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The Equals

Notable as one of the U.K.'s first interracial bands, the Equals stormed through the mid-'60s and beyond with songwriting chops, potent live shows, and a sound that fused pop, blues, maximum R&B, and elements of ska and bluebeat. Original vocalist Eddy Grant would go on to a healthy solo career after the Equals splintered in the early '70s, but various versions of the band led by co-founding member Pat Lloyd soldiered on as their early material was discovered by new generations of fans. While 1995's Roots was the last album of new Equals material, cover versions of their '60s singles by the Clash, the Specials, the Detroit Cobras, and others kept interest in the band alive, and multiple collections of their early tunes showed up intermittently, including 2021's revisitation of early songs All the Hits Re-Recorded. The Equals formed in North London in 1965 when schoolmates Lincoln Gordon (guitar), his twin brother, Dervin Gordon (originally the vocalist), Pat Lloyd (guitar, then bass), singer Eddy Grant, and drummer John Hall started working on music together. The band began gigging around London, amazing audiences with their apparently limitless energy and infectiously catchy original songs. By 1965, the Equals began doing dates in Europe as well, and released their first single on President Records. Though "Hold Me Closer" didn't perform on the charts, DJs began playing the flip side, and by 1967 "Baby, Come Back" had hit the top of the charts in Germany and the Netherlands. One year later, the single hit number one in Britain as well, and brushed the charts in America. Subsequent singles lacked the immediate punch of "Baby, Come Back," however, and the Equals landed only two more Top Ten hits: "Viva Bobby Joe" and "Black Skin Blue Eyed Boys," the latter an apt message track from one of the few racially mixed bands of the era. In 1969, the entire band was involved in a highway accident in Germany, and Grant was seriously injured. He initially stopped touring with the band to take time off to heal, but he ultimately left the Equals for a solo career in 1971. Though the group never charted again, they remained a popular live act, and their style began to bring elements of reggae and funk into their established gritty pop sound on 1976 album Born Ya! They released 1977's Mystic Syster as punk was being born and a new wave of musicians were discovering the band's earlier hits. The Clash covered "Police on My Back" on their 1980 album Sandinista!, and various garage, rock, and pop bands would offer up their takes on the group's tunes as time went on. The Equals released Roots in 1995, and it would be their last album of new material, though they continued to play live with various lineup changes into the next several decades.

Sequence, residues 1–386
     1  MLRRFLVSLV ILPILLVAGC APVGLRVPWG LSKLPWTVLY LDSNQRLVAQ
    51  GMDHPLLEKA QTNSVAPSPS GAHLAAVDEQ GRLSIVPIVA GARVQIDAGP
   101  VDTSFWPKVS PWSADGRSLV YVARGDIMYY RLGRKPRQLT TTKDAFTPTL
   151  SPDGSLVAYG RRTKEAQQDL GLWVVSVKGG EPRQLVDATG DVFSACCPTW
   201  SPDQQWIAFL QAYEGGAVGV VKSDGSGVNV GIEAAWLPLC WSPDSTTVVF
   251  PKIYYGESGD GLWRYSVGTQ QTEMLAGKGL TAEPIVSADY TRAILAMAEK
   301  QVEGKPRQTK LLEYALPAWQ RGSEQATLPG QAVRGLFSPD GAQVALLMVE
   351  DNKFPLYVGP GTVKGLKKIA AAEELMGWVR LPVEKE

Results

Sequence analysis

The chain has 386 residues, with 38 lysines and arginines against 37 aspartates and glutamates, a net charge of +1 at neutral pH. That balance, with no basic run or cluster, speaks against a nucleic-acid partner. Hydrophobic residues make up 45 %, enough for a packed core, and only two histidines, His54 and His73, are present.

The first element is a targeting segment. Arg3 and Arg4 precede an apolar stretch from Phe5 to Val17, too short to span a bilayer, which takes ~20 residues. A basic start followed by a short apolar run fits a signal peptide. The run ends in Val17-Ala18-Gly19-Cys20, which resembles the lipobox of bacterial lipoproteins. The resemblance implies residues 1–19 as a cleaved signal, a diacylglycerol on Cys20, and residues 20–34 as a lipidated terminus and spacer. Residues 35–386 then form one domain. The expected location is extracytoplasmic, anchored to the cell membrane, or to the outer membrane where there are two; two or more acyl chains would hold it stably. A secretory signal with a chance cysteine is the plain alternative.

© John Bush & Fred Thomas /TiVo


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